Last week’s launch of the ProShares Bitcoin Strategy ETF (BITO) was a smash hit by any measure. Yet, it may be that at least part of its success could be the result of how the instrument is structured rather than pure demand from buyers hoping for bitcoin exposure.
In just a few hours, the futures-focused exchange-traded fund (ETF) amassed $570 million in assets under management (AUM), making it one of the most successful debuts of an ETF in history. Within a few more hours, that number just about doubled.
BITO’s assets are mostly invested on the Chicago Mercantile Exchange (CME), which saw an expected increase in both open interest and volume for bitcoin futures. One question is whether some of that volume could be the result of traders positioning for profit from the way this particular ETF is structured.
Currently, for every dollar it takes in, ProShares allocates 40.2% to buying CME bitcoin futures contracts that settle in October and 31.2% for futures that settle in November. The remaining 28% or so is put in U.S. Treasury bills. Reminder: On the CME, bitcoin futures are settled in cash, meaning no actual bitcoin changes hands. It’s basically a side bet on the price of the asset.
So if by Wednesday there were $1.108 billion in AUM, $791 million of it was bitcoin futures on the CME. That’s the equivalent of 13.8% of the CME’s bitcoin open interest of $5.745 billion.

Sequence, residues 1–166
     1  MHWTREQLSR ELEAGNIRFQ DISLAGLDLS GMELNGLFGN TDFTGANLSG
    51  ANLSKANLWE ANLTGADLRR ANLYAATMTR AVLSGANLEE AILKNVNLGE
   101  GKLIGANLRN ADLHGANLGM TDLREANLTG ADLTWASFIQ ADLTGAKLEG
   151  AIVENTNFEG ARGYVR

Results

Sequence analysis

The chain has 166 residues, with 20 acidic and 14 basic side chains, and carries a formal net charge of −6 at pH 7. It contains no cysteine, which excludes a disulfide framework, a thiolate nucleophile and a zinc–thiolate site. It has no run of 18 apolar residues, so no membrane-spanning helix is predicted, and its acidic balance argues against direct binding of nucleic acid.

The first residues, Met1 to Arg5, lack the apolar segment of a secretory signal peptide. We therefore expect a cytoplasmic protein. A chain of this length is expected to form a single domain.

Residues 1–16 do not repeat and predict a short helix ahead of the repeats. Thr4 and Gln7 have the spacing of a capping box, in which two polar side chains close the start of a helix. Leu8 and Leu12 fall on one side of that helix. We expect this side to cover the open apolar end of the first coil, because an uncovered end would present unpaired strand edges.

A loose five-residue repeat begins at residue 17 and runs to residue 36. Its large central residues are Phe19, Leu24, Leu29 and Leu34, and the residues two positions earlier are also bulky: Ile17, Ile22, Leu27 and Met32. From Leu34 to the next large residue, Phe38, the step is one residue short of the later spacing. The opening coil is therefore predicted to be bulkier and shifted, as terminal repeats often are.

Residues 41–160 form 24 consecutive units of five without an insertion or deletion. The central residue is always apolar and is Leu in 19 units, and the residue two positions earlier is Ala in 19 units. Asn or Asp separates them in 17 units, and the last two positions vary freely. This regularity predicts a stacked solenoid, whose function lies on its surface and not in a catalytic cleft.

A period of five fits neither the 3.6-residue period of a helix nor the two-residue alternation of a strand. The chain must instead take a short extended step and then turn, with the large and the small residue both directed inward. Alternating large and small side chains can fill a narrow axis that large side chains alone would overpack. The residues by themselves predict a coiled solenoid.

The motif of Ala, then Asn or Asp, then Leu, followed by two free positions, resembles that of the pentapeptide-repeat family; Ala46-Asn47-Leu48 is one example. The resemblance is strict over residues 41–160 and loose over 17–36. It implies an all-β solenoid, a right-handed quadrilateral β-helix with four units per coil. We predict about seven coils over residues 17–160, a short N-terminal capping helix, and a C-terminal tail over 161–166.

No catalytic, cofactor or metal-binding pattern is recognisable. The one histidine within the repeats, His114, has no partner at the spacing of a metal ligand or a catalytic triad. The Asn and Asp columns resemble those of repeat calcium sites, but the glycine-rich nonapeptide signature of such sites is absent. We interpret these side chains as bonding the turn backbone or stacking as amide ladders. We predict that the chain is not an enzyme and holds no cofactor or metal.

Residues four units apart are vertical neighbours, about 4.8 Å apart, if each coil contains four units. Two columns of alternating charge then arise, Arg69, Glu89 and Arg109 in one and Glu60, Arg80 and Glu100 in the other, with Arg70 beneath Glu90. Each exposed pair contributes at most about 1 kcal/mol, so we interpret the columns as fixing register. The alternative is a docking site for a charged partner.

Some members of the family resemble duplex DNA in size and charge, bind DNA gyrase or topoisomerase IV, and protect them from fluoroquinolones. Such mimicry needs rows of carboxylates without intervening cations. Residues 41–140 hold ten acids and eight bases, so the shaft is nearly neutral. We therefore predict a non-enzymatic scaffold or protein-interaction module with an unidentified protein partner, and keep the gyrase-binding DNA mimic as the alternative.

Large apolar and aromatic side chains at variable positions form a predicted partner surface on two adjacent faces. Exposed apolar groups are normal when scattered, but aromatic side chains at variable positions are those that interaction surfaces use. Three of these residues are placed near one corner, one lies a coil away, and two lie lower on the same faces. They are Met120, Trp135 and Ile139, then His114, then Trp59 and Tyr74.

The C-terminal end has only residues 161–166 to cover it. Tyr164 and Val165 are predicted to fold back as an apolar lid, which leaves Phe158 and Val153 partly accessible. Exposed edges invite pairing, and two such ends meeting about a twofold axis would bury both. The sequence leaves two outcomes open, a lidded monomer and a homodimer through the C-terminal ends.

From Monday to Wednesday, open interest soared to $5.745 billion from $4 billion, an increase that was more than double the ProShares ETF’s holdings.
Meanwhile, volume was up, too, to levels never seen before on bitcoin futures: Tuesday saw $5.9 billion in futures change hands on the CME, and Wednesday’s figure was north of $7.5 billion. In the 19 trading days prior, the average was $2.5 billion per day.
Higher volumes? Higher interest? Why, of course that’s bullish, right? Perhaps, but maybe not 100%.
Here’s where it gets interesting.
Creation and redemption
BITO isn’t structured like a typical stock ETF. Rather, some of its features are more likely to be found in ETFs that own bonds and other types of financial instruments.
With a lot of stock ETFs, “authorized participants” (AP for short) accumulate and deliver a basket of shares to the ETF provider in exchange for shares in the ETF in a rather Biblical-sounding process called “creation.” APs aren’t average Joes, however. They are institutions and the like that can do this sort of thing in bulk and have the sort of relationships that allow such a trade to take place.
The APs do this kind of a trade if the value of the ETFs they get in return (which they then can sell in the market) is significantly higher than the stocks they deliver. And by “significantly higher” we’re talking just 1%. That may not sound like a lot for a retail trader hoping to win big on something she saw on Reddit, but for institutions that do trades in the millions, this starts to add up to real money.
If this sort of trade is done enough times, the price of the underlying basket of stocks will rise as they get bought up and the price of the ETF shares will fall as they get sold until the prices of the two converge.
BITO, though, does something similar to bond ETFs called “cash creation,” meaning the AP delivers cash rather than the underlying asset to the ETF provider in exchange for shares.